I am sorry to just keep referencing things already on my blog, but I have a whole section devoted to objections to the case for the resurrection, and a section where the case is made for the facts that go towards inferring YHWH raising Jesus from the dead as the best explanation for those facts where I address your current questions as well as the carnival of questions you allude to which I saw a while back on your blog. In fact, NT scholars are completely aware of many of things you have questions about (e.g. interpolations, different accounts of the passion and resurrection narratives, lack of eyewitness material. etc.) and so they approach the NT as guilty until proven innocent but they have developed methods and criteria that have been used to glean historical nuggets from the NT documents including those typical facts that the majority of NT historians accept that go towards making the case for the resurrection. In fact, my blog contains responses to the entire history of posts from the Secular Outpost, Ex-apologist, and the infidels library, not to mention every other objection I have come across in articles, debates, books, etc. I also have a section where I am developing an alternate theory of inspiration (something very much like CS Lewis's literary theory of inspiration) where I allow the interpolations you list and more (see Ehrman's intro to the NT text and his debate with Dan Wallace) and where I accept mainstream scholarship on all issues including, the lack of eyewitness material in the NT, interpolations, errors, contradictions, failed prophecies, forgeries, etc. These are important questions (the answer to which falsify one theory of inspiration known as the plenary, verbal, confluent theory which entails inerrancy) which I didn't simply ask and present as challenges to others; I have done the hard work of reading primary sources and providing honest answers. Moreover, I already listened to Martin/Licona debate the first day it was posted on apologetics315.com (I also took his NT studies course on Open Yale Courses before he debated Licona so it was nice for me to see that as well). So, I am not sure if you are trying to stump me or raise an objection I haven't already blogged about or what have you, but so far I am neither stumped nor motivated to blog anything new. Would like to to try again:)?
The "best" explanation for "the resurrection" depends on a great many questions that remain open, none of which is as firmly closed as you suppose. We do not have access to such information.
Unless we have early first hand descriptions,we can't judge what they did or didn't see. 1 Cor does not depict the manner of the earliest alleged "appearances" (from how close up, far away, night, day, location, what if anything was heard). Nor does the passage that says, "he appeared to over 500 brethren" fit in well with Luke-Acts. Nor do we know their names. But surely God would have thought to preserve some actual first century first person testimonies, instead of slacking our thirst via the amazing preservation of scrolls from the Dead Sea by a sect of end-time predicting apocalyptists, which only raises more questions, not fewer questions concerning the types of wild eyed end times movements going on during the first century in Palestine.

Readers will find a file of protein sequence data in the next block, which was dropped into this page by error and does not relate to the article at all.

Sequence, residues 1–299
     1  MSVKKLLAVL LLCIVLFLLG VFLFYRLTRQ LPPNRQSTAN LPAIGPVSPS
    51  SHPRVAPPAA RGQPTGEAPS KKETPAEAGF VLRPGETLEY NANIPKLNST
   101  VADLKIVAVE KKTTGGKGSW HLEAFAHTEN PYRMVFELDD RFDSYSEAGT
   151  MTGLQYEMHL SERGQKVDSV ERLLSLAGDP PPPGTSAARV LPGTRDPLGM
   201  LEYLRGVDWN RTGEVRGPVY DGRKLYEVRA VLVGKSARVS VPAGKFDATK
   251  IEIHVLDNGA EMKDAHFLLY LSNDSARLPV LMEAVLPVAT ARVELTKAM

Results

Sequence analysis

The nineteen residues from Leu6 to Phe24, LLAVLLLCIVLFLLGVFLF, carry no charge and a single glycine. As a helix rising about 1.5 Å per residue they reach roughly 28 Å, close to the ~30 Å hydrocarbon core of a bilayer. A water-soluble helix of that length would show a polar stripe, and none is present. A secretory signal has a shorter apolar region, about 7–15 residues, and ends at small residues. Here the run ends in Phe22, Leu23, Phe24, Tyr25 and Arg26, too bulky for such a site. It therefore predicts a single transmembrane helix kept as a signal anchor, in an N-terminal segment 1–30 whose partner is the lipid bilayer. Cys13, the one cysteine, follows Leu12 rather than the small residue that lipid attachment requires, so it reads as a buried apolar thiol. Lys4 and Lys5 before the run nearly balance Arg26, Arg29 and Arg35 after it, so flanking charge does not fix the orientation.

Neither can you assume that the list of people to whom Jesus allegedly "appeared" in 1 Cor. equals the post-resurrection tales found in the last two Gospels.
Paul provides the only first person line in the NT when he writes, "lastly he appeared to me," but with no further description--neither can one assume that such a line equals everything said years later in Acts, which is as late as the last two Gospels if not later.
Neither can you assume that Paul's mention of "grave" equals the empty tomb story in Mark.
There are also parallels between the Markan empty tomb story and translation stories in the Greco-Roman world.
Whatever you think you know about the resurrection, it's second hand. And there's Gospel Trajectories that demonstrate how various stories grew and changed over time.
Also, the way Gospel authors pluck out OT passages and utilize them, or rather, bend them to their purposes, raises further questions, and does not induce confidence in such writings, yet the Gospels are filled with such questionable usage of OT ideas and passages.
And if I might speak theologically and philosophically rather than historically, I suspect that any God who damns people for questioning "the Gospel stories" or any second hand story, is not correctly taking into account humanity's limited lifespans and limited time for study, and communication difficulties, as well as humanity's penchant for group-think which is true of cults, religious groups or any human group.
There is the added difficulty concerning the fact that even accepting that miracles occur, they are a mixed bag, and do not point unerringly in the directly of any one religion, sect or theology being true. Amazing coincidences happen to everyone, spontaneous remissions from cancer don't happen only to Evangelical Christians, and loving NDEs happen to Buddhists or atheists. http://religiousmiracles.blogspot.com/2013/02/miracles-of-all-religions-provide-crazy.html
But that aside, what do you think of the wide variety of excuses put forth by Christians to explain away the predictions of soon coming final judgment made in the Olivet Discourse and elsewhere in the Gospels and NT? You don't seem to be a fan of either dispensationlism nor preterism, yet you must know some fellow Christians who are quite enamored with such views.
And there's also the "cross-thread" excuse, have you heard of it? It was published on the apologetics site, CARM, http://christiancadre.blogspot.com/2013/01/the-olivet-discourse-part-1.html
I think your view at least admits Dale Allison's scholarly questions are of genuine concern.
I'll only add that the prediction of soon coming final judgment is quite a whopper when it is found not only in the Gospels but throughout the NT, with excuses for the delay invented in later works like Luke, John 21, as well as the alleged letters of Peter:
New Testament Texts on the Imminence of the End
There's also much more worth listening to free online:
Wow Ed, I am not sure that you would pass a Turing Machine Test given the lack of interaction and constant repetition of your posts. Please ACTUALLY read my blog which contains answers and/or responses to every on one of the questions you raise. My answers don't need to be rebutting defeaters in every case but ONLY undercutting defeaters!!!